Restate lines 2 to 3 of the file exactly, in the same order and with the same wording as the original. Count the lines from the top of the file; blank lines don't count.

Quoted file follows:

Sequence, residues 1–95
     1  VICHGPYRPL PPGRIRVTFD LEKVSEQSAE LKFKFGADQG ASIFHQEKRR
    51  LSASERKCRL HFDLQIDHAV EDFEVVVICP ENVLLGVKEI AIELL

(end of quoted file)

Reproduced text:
     1  VICHGPYRPL PPGRIRVTFD LEKVSEQSAE LKFKFGADQG ASIFHQEKRR
    51  LSASERKCRL HFDLQIDHAV EDFEVVVICP ENVLLGVKEI AIELL